YMMV / The Woman in Black

  • Alternative Character Interpretation: Does the Woman in Black enjoy the misfortune of killing other parents' children, is she a Well-Intentioned Extremist who just wanted to replace her lost son, or is she a Woobie, Destroyer of Worlds who was a Tragic Villain made into a monster by her sister adopting her son?
  • Big Lipped Alligator Moment: In the movie, and of the non-comedic variety. While Arthur is busy waiting for the Woman in Black to acknowledge the discovery of Nathaniel's body, Mr. Daily has a vision of his son Nicholas which leads him to a tea room, where he's suddenly trapped by the ghost children and sees a ghost child make a creepy face at him outside the window. Then the main plot resolves itself upstairs and the door unlocks itself, letting Mr. Daily go free. But since he was already waiting downstairs with nothing to do.
  • Cliché Storm: It doesn't stop the story from being very scary though. The play in particular doesn't suffer from any of the cliches as it presents them on stage: horror plays are much rarer than horror films, so the devices seem fresher.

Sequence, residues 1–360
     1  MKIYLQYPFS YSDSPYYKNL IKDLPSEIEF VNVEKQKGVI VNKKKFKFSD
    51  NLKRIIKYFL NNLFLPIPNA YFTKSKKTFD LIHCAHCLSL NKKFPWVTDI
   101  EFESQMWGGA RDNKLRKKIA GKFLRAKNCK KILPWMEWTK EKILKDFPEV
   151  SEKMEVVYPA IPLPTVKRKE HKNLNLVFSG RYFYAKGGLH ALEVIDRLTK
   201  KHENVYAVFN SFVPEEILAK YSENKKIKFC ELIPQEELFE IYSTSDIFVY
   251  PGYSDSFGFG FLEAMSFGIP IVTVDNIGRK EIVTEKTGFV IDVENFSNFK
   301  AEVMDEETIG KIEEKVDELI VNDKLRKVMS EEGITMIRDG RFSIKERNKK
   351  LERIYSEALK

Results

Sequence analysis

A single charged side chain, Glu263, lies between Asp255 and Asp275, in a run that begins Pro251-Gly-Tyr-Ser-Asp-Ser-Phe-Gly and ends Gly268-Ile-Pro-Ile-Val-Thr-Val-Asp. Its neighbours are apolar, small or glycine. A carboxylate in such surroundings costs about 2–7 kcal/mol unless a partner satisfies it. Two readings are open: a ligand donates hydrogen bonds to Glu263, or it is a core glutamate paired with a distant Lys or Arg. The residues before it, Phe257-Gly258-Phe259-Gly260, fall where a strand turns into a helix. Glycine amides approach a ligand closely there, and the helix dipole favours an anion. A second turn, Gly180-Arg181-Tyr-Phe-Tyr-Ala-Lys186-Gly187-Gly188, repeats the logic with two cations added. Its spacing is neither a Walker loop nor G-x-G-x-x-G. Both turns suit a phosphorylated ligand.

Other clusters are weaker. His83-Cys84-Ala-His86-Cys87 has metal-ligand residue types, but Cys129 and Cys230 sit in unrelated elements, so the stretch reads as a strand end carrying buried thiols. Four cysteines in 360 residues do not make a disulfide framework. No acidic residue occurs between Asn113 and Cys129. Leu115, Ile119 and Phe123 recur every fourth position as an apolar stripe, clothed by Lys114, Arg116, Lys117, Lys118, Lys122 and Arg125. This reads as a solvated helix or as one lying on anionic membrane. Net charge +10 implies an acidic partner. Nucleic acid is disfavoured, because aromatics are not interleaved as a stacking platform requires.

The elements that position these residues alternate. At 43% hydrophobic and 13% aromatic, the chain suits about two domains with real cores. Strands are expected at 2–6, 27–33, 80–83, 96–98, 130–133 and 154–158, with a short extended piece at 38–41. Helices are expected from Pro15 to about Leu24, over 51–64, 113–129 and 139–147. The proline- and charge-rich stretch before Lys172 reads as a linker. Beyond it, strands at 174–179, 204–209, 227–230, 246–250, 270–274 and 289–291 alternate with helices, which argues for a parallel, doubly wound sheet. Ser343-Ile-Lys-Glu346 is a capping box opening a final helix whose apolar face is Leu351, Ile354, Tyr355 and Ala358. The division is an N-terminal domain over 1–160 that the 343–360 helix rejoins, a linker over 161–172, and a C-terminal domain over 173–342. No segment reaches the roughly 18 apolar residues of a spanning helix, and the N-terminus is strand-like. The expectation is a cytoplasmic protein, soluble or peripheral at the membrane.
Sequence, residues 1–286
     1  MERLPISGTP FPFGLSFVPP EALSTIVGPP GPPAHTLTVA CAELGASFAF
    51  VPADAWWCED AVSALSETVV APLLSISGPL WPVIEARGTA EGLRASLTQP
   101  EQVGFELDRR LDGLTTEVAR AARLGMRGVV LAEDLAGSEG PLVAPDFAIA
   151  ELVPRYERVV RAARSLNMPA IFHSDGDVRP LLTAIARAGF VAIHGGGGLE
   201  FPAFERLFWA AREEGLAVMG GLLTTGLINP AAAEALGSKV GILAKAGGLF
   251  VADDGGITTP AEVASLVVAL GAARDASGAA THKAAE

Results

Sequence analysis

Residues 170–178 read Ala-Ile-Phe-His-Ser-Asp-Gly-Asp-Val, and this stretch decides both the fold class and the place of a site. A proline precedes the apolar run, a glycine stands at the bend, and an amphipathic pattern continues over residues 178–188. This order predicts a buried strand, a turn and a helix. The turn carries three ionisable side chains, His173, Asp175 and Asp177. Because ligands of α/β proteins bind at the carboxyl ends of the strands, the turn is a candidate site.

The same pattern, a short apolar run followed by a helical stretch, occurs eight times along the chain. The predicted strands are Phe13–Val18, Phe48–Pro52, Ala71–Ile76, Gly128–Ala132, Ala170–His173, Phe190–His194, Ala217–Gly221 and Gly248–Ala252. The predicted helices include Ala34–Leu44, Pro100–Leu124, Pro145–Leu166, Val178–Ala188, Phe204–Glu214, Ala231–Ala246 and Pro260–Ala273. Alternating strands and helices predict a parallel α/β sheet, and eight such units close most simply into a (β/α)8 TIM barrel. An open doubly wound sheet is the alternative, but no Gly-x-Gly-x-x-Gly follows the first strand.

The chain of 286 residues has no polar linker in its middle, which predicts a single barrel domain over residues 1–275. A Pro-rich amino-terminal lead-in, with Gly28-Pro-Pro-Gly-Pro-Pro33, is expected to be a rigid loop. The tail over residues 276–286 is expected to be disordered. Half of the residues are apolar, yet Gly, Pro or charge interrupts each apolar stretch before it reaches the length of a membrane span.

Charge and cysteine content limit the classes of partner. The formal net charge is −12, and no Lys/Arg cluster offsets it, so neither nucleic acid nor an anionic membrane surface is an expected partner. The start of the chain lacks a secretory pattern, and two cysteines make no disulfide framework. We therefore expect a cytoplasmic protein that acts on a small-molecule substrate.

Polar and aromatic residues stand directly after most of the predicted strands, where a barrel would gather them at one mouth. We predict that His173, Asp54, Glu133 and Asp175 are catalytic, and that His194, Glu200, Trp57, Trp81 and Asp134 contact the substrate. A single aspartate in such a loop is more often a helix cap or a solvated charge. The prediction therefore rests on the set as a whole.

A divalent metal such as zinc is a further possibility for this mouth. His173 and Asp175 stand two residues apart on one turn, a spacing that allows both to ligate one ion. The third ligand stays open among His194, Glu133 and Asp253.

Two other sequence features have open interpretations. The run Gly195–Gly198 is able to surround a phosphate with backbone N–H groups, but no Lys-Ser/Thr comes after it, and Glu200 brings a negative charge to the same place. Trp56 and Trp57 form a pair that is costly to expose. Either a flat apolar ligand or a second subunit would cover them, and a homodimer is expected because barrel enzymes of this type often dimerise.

• Epileptic Trees: The presence of Kipp's wife, who was already foreshadowed as a Guardian Angel, made it impossible for the Woman to claim them.
  • Hell Is That Noise: If you see the stage version, the sound of the rocking chair will become this for you, possibly also the horses' hooves as the ghostly pony and trap approaches.
    • The rocking chair in the film as well, as well as the jangling of the rotting old clockwork toys.
  • Hilarious in Hindsight: Is the name Radcliffe forever linked to the Gothic horror genre?
  • Sequelitis: Angel of Death.
  • What Do You Mean, It's Not for Kids?: A number of parents in the UK apparently took young children to see the film because it starred Daniel Radcliffe and they thought that a film rated 12A ("recommended for over-twelves but parents can bring younger children in if they want") wouldn't be that scary. After the resulting protests, the BBFC actively changed its rules on horror films to take more account of overall atmosphere and grimness of plot, rather than being chiefly influenced by the level of graphic violence and gore.